Kate Aschkenasy helped create and facilitate “Teen Tank: Your Privacy – Your Rights?,” an AspenX seminar held at the National Constitution Center in Philadelphia in May 2016. AspenX is part of the newly launched Youth & Engagement Programs at the Aspen Institute. Below, Kate reflects on her experience at Teen Tank and what it was like to engage with peers with very different opinions on their right to privacy.
My experience with Teen Tank was unlike any other discussion I’ve ever had at school. The room was filled with 15 students, all of whom had completely different upbringings and backgrounds. With our differences, the room had an incredible sense of diversity of thought, which made the conversation both engaging and controversial. Students weren’t afraid to argue with each other, and these clashes of opinion brought out the most critical and evaluative thinking from each of us.
We talked about three different aspects of the right to privacy: the “Future of Privacy,” the “Future of Surveillance,” and the “Future of Speech.” To prepare, each student was required to read a packet of articles and watch a few videos to provide a basic knowledge of each topic. For example, for the Future of Privacy seminar, we were given an article about the FBI and Apple encryption dispute for their case to access the iPhones of the San Bernardino suspects. Prior to the seminar, I thought that I understood the issues involved in this case. I even had a strong opinion. However, hearing everyone else’s perspective made me consider new aspects of the case, making the decision on what seemed right much more difficult – and I am still making up my mind.
I learned an incredible amount about privacy rights and the Fourth Amendment. Each student had incredibly different perspectives, particularly when we discussed surveillance. We spoke about the topic of drones, a new technology that is extremely complicated to regulate. I noticed, for example, that students who lived in the inner-city, as opposed to those from in the suburbs, believed that drones should be much more highly regulated, which I found interesting. Why the differences in opinion? Again, in this instance, I had believed that I knew what was right, but arguments and thoughts from other students changed my opinion. I learned so much about the Fourth Amendment: We discussed its history, its application, and its nuances, but more important, I learned about how much each person’s environment informs their own distinct opinions.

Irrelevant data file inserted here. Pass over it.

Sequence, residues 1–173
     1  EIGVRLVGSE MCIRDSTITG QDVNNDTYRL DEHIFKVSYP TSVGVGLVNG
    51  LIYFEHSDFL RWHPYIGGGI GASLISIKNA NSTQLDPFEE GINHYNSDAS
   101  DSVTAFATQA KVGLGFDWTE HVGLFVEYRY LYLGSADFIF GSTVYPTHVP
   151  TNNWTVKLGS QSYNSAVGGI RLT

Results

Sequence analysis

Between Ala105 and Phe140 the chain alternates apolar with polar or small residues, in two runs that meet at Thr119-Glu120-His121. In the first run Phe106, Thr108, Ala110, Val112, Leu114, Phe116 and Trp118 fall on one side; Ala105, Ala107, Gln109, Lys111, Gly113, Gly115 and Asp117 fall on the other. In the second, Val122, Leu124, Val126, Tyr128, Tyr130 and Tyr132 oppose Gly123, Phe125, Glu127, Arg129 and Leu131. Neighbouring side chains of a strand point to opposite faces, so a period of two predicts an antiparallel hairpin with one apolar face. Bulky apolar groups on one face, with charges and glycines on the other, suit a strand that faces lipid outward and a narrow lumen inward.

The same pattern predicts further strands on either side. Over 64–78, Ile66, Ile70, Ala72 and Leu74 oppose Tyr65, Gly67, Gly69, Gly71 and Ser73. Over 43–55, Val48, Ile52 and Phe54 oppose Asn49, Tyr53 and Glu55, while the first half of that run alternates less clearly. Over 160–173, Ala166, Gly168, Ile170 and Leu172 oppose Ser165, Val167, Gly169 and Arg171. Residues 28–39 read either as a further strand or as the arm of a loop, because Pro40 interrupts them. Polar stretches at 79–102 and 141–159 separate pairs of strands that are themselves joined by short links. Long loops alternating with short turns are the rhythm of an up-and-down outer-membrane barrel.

I was most intrigued during our discussion on the “right to be forgotten.” Should petty crimes be eventually erased from criminal records to allow the person to learn from their past? Should a person should be allowed to get a second chance, or a clean slate, after a certain amount of time? Should a tweet or Instagram post be allowed to “disappear” (an almost impossible feat online) if it was a mistake? As millennials, everyone understood the devastating impact that social media can have on a person’s reputation. We know the embarrassment that chronicling days on Facebook or Twitter can cause. Each person brought different stories and views to the table, and though we never came to a final conclusion on what was right, we definitely gained insight into the pros and cons of one’s so-called “right to be forgotten.”
While I was already careful about what I posted online, I started to fully think about the consequences of my actions. Nothing is ever private, no matter how many rising seniors try to “change” their names on Facebook to avoid college admissions officers finding them. The things that I do online have an impact – even if I do believe in the right to be forgotten.
The legal complexities surrounding privacy, surveillance, and speech will be important for me as I grow older. I have already seen this manifest in my life as I have found myself discussing these issues with my classmates, and have reflected back to the Teen Tank discussion as a reference. This seminar not only taught me immensely about the Fourth Amendment, but also allowed me to understand how important diversity of thought is in discussions to have a well-balanced discussion. Without the wide range of voices around the table, I might have gotten stuck in my own opinions.
Kate is a senior at The Shipley School in Bryn Mawr, PA.